Madsteez, artist, Analogue Digital

Art can live on forever ...

The globe may be dotted with talented, aspiring artists, but it’s only a fortunate few who manage to bend those natural abilities into a sustainable career. Street artist Mark Paul Deren, aka Madsteez, is one of the lucky ones. Born on the outskirts of Washington DC, blind in his left eye but bursting with talent, the young fella simply did what he did best – transforming blank canvases and walls into vibrant, colour-soaked artworks. His pieces soon attracted attention from corporate heavyweights like Nike and Audi, Hollywood actors such as Dennis Hopper and media publications including The New York Times. The man himself will be flying from his home in California to Brisbane this month to share his story of self-taught success at the Analogue Digital design conference, before working his magic at the First Coat Festival in Toowomba. Just before Mark boarded the plane to Australia, The Weekend Edition caught up with the legend to talk painting and parenting.

What were you like as a kid growing up on the outskirts of Washington DC? Were you always creative?
Looking back at it, I was more creative as a kid than I’d thought. I was really big into projects. I’d paint my skate decks, make movies for school projects, make my own t-shirts, and always trying to customise everything.

What do you love about your job?
The best part is that I get to create things that didn’t exist before.

Such huge works no doubt require plenty of patience and persistence. Do you ever suffer from self-doubt during the creation process?
Of course! I’d say that every painting I do, I always doubt it. I always think it’s terrible. I’m like, “What am I even doing?!” But then when I’m about 95 percent of the way through, I start feeling confident in the piece. It’s weird because I still can’t tell myself going into it that it’s going to be ok and there’s always the stage of uncertainty. It still gets me emotionally every time.

If you could produce one of your beautifully vibrant works on the walls of any home, landmark or building around the world, where would you choose to splash the paint?
Wow, that’s a great question. I’d love to paint an entire mountain or a volcano. Something at a scale that is unfathomable. I think that might have to be my next project!

You’ve forged the kind of career that most of us only dare to dream about – do you have any words of wisdom for other aspiring artists who may have been too scared to take the leap and make their visions reality?
It may sound clichéd to say, but I’d say never give up. I’ve been doing this for more than 15 years and I could have just as easily thrown in the towel at some point and went another direction. But now I feel like things are really starting to get even more fun!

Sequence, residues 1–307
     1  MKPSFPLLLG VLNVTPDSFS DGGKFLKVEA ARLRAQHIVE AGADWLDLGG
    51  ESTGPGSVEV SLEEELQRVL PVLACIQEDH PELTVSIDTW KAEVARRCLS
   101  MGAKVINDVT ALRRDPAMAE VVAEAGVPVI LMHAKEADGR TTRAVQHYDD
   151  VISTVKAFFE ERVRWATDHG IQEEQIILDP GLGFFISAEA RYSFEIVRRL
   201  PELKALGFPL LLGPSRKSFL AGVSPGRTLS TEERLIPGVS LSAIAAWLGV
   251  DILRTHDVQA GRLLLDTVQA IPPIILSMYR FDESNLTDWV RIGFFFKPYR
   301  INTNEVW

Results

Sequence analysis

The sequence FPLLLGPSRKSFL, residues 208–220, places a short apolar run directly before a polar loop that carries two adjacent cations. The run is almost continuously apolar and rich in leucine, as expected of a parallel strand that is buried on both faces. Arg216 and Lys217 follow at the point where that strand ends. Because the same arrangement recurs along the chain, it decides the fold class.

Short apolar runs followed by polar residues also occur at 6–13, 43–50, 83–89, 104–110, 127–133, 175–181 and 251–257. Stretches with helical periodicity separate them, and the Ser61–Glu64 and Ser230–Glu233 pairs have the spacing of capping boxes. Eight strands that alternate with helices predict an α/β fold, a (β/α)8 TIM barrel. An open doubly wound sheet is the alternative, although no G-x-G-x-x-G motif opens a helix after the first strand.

We can’t wait to check you out at Analogue Digital! What can fans expect to hear you talk about in your presentation?
To be totally honest, I’m still working on my presentation. I just hope to first, not embarrass myself and second, if I could inspire at least one person to do what they love to do, then I’ll be satisfied.

Do you have anything on your to-do list while you’re in Brisbane?
I’d really like to get some surfing in while I’m in town because I know the waves are super fun!

You’re created incredible murals around the world – which piece is your personal favourite, and why?
My favourite is this 20-metre WEENasaurus Rex that I painted in San Diego. It’s my favourite because you would swear it was Photoshopped, so when people see it in real life they just can’t believe it.

What’s the best thing about being you right now?
I’d say the best thing about me is that I truly love my job! Besides doing what I want to do, I also get travel the world and leave my mark for others to enjoy.

What are the biggest challenges in your line of work?
Lately, one of the biggest challenges I’ve been having is being strategic. I’ve been learning more and more about the fine art world and there are certain things you should and shouldn’t do. And I’m still trying to figure it all out.

You’ve been featured in mags like Dazed and Confused, partnered with Nike to release a signature series shoe and have had your work commissioned all over the globe – what do you consider to be your career highlight so far?
My own Nike shoe was definitely a dream come true. But I’d say a career highlight was when I was able to do a portrait of Dennis Hopper that he posed for. It was such an incredible experience to be able to do that for someone who was so inspiring to me.

You’re also a dad. What’s the biggest lesson being a parent has taught you about life?
I think the biggest lesson I learned from being a parent is love and patience. I think unless your a parent yourself, you just can’t describe the type of love that can come from loving someone that you helped create.

What are you most proud of?
I’m really proud that when someone asks me what I do, I can say “I’m an artist”. I know how rare it is to make a living as an artist and at this current state, I am extremely lucky.

What do you hope your legacy will be?
I really hope my art stands the test of time. It would be so awesome to have people still excited about my art after I am long and gone.

For Analogue Digital news, location details and registration info, head online.



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